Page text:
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BuildingCodeSavesLives
This May marks the third year that the City of Raleigh is participating in Building Safety month. Building Safety Month (BSM) is celebrated by jurisdictions worldwide during the month of May to help individuals, families and businesses understand what it takes to create safe and sustainable structures. 
 
The theme of this year’s BSM is “Building Codes Save Lives,” but what does that mean to citizens of Raleigh? Well, all communities need building codes to protect people from disasters like fires, weather-related events and structural collapse. Building codes are society's best way of protecting homes, offices, schools, manufacturing facilities, stores and entertainment venues. Code officials work day in and day out to keep the public safe.
 
Each week of BSM has a theme, and this week’s theme is advancing resilient communities through science and technology. Research shows that planning and being prepared for extreme changes can greatly reduce the long-term impacts on a community.
 
A city that reduces its vulnerability to dramatic change or extreme events and responds creatively to economic, social and environmental change to increase its long-term sustainability is knows as a resilient community. Creating a resilient community requires diligent planning and innovative thinking. Science and technology are leading the way for designing and constructing safe, efficient and resilient homes and buildings. Up-to-date building safety codes and standards enable technology to be incorporated into buildings while ensuring safety for lives, properties and investments.
 
Using Technology to Improve Safety
Resilience starts with strong, regularly updated, and properly implemented building codes. So, whether you’re considering renovating, remodeling or building from the ground up, look for the latest technology and make sure it is based on the codes and standards that put safety and efficiency first. Check out these future home technologies from energy.gov: 
 
Smarter, Connected Homes: Electronic devices and appliances can now be linked to the Internet to provide real-time data that makes it easier to understand and lower our energy use. New wireless sensors developed at Oak Ridge National Laboratory will boost home energy efficiency through automated control systems for heating and cooling units, lighting, and other systems that access data such as outside air and room temperature, humidity, light level and occupancy.
Ultra-Efficient Heat Pumps: The Building Technologies Office of the US Energy Department is ushering in the next generation of heat pump systems, which warm and cool your home by moving heat from one space to another. These include: 
  • A fuel-fired, multi-function residential heat pump that can reduce primary energy consumption by 30%.
  • A natural gas heat pump and air conditioner that uses an ultra-low-emission combustion burner and other equipment to provide home heating, cooling and hot water.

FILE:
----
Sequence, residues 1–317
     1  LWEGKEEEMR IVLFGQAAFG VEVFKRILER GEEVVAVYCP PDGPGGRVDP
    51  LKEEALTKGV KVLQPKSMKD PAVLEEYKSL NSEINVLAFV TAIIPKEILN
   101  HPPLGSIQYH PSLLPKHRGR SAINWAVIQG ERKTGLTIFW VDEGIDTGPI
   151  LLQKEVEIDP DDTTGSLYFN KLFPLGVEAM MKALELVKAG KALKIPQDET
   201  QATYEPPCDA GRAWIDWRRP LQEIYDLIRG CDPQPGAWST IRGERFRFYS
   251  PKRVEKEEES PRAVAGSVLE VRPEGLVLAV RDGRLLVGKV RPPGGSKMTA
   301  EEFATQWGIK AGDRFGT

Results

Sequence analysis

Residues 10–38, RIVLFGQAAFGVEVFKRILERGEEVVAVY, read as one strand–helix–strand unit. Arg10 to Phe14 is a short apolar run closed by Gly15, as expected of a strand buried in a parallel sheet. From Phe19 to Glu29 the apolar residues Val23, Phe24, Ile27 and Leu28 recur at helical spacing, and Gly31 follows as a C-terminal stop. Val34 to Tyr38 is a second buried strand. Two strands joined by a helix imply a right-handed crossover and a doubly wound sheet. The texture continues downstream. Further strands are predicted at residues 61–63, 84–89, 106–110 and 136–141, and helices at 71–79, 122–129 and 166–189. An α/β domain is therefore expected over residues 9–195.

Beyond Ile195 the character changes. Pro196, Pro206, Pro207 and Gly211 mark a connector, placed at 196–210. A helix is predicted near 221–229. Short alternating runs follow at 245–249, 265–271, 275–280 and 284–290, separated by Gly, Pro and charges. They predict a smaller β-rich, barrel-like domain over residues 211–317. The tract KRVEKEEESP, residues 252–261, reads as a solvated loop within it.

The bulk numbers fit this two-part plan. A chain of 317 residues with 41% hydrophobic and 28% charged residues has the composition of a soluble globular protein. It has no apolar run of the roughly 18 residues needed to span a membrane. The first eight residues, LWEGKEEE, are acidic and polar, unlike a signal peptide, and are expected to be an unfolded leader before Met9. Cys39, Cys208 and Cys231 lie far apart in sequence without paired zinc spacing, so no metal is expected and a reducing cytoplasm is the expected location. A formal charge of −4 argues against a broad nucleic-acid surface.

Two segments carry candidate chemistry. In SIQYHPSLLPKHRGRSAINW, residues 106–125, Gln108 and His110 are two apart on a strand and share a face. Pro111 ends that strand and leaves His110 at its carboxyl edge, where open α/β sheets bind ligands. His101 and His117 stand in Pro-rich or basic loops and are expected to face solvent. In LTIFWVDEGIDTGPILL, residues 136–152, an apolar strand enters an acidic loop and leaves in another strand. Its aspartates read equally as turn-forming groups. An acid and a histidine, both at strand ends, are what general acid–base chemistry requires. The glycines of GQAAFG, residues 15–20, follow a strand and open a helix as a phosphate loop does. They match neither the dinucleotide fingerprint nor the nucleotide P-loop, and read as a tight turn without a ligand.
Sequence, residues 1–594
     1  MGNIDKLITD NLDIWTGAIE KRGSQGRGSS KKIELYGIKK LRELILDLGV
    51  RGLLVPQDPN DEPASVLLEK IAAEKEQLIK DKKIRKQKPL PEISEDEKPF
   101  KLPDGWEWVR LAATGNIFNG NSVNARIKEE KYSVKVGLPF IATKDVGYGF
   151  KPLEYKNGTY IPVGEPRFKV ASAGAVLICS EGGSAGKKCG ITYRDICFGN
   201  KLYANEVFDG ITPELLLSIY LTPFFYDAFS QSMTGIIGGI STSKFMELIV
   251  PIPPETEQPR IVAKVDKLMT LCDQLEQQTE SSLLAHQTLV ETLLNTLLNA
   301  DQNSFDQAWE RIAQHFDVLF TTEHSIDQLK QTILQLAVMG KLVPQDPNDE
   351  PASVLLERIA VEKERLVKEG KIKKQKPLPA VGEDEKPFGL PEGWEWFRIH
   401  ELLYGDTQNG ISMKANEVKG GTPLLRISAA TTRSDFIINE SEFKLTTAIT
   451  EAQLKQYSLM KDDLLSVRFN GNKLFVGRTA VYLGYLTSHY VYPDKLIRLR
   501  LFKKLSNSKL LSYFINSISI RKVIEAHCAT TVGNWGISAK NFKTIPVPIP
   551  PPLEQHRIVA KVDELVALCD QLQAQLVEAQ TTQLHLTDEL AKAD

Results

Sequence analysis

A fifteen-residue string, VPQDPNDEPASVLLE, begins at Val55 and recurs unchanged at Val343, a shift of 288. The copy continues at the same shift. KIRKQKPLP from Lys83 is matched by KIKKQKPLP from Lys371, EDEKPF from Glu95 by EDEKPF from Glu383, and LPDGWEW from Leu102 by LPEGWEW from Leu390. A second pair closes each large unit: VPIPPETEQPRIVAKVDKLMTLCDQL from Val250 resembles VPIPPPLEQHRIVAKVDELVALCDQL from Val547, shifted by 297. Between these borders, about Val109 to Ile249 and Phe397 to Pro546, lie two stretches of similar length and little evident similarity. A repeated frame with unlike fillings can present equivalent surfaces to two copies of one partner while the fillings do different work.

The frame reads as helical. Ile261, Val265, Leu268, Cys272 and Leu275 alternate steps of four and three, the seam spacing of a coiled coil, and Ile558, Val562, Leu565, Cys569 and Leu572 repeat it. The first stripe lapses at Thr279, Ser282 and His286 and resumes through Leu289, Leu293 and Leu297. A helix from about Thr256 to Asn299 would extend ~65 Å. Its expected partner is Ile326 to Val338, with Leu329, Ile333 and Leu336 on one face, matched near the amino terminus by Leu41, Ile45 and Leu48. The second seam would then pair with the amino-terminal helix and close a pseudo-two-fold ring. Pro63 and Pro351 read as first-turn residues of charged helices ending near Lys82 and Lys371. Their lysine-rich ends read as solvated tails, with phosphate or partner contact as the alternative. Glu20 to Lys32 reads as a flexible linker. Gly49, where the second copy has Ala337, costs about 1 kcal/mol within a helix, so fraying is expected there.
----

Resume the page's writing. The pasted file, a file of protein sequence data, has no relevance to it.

• A low-cost gas heat pump designed to reduce heating costs by up to 45% compared to conventional gas furnaces and boilers.
 
Carbon-Fighting Clothes Dryers: The same concept behind heat pump technologies that keep your home comfortable can also be used for another important application: drying your clothes. Oak Ridge National Laboratory and General Electric are developing a new type of clothes dryer that uses a heat pump cycle to generate hot air needed for drying. The result: a more efficient dryer that has the potential to lower energy consumption by 60% compared to conventional ones on the market today.
 
Magnetic Refrigerators (That’s Right, Magnets!): Oak Ridge National Laboratory and General Electric have teamed up to create a revolutionary new type of refrigerator that uses magnets to create cold. For the past 100 years, refrigerators have relied on a process called vapor compression that uses coolants which can be harmful to the environment. The new refrigerator is a revolutionary technology that uses a water-based cooling fluid, making it better for the environment and more efficient, which means lower energy bills and less carbon pollution.
 
Advanced Window Controls: Lawrence Berkeley National Laboratory and Pella Windows are working on new highly insulated windows that use sensors and microprocessors to automatically adjust shading based on the amount of available sunlight and the time of day to ensure proper lighting and comfort, saving consumers energy and money.
 
Next-Gen Insulation: Insulation is one of the most important ways to reduce your home heating and cooling costs. The Industrial Science & Technology Network is developing new foam insulation made with environmentally friendly and advanced composite materials that ensure heat doesn’t escape from the attic, walls and other areas of the home during cold winter months.
 
Reflective Roofing Materials: Cool roofs coated with materials containing specialized pigments reflect sunlight and absorb less heat than standard roofs. Expect these types of roof systems to get even “cooler” due to new fluorescent pigments that can reflect nearly four times the amount of sunlight of standard pigments.
 
Brighter, Better Lighting: LED lighting has come a long way, with today’s highest-performing lights consuming 85% less energy than incandescent bulbs. In fact, LED efficiency is expected to double from the current in the next few years.
 
 
Even in Raleigh
A new, premier, mixed-use development is being planned in the heart of Downtown Raleigh’s innovation district. A first-of-its-kind development for the Triangle region, Phase I at City Gateway will be the area’s first energy-positive building, producing all the energy it needs on site. With smart building technology, information from various building systems can be leveraged to optimize energy and operational performance. The building includes a geothermal HVAC system, high performance lighting and glass, natural daylight, superior insulated building envelope, digital energy dashboard, and solar panels.
 
Written by Guest Blogger Jeremiah Weckesser, Senior Mechanical Inspector III in the Development Services Deparment